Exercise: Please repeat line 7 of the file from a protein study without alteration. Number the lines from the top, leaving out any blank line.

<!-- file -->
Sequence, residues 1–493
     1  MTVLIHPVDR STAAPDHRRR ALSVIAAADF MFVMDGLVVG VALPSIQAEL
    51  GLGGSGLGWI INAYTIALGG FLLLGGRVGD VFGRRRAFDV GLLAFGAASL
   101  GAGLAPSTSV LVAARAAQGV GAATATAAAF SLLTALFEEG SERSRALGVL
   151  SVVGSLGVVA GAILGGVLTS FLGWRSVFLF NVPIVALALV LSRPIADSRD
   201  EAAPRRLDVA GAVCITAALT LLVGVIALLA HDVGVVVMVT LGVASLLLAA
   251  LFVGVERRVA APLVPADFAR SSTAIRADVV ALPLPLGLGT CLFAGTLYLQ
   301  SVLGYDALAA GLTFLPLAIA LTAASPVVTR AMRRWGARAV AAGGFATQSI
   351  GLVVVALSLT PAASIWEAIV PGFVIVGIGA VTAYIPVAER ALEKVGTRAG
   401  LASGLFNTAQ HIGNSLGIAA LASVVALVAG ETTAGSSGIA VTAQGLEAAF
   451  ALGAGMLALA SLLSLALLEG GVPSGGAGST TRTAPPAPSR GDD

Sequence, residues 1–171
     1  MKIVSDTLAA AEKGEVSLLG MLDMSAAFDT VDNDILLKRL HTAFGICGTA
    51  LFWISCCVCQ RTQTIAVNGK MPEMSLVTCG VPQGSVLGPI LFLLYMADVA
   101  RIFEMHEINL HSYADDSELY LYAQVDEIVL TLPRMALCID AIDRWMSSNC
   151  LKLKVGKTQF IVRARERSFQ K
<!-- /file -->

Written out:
   251  LFVGVERRVA APLVPADFAR SSTAIRADVV ALPLPLGLGT CLFAGTLYLQ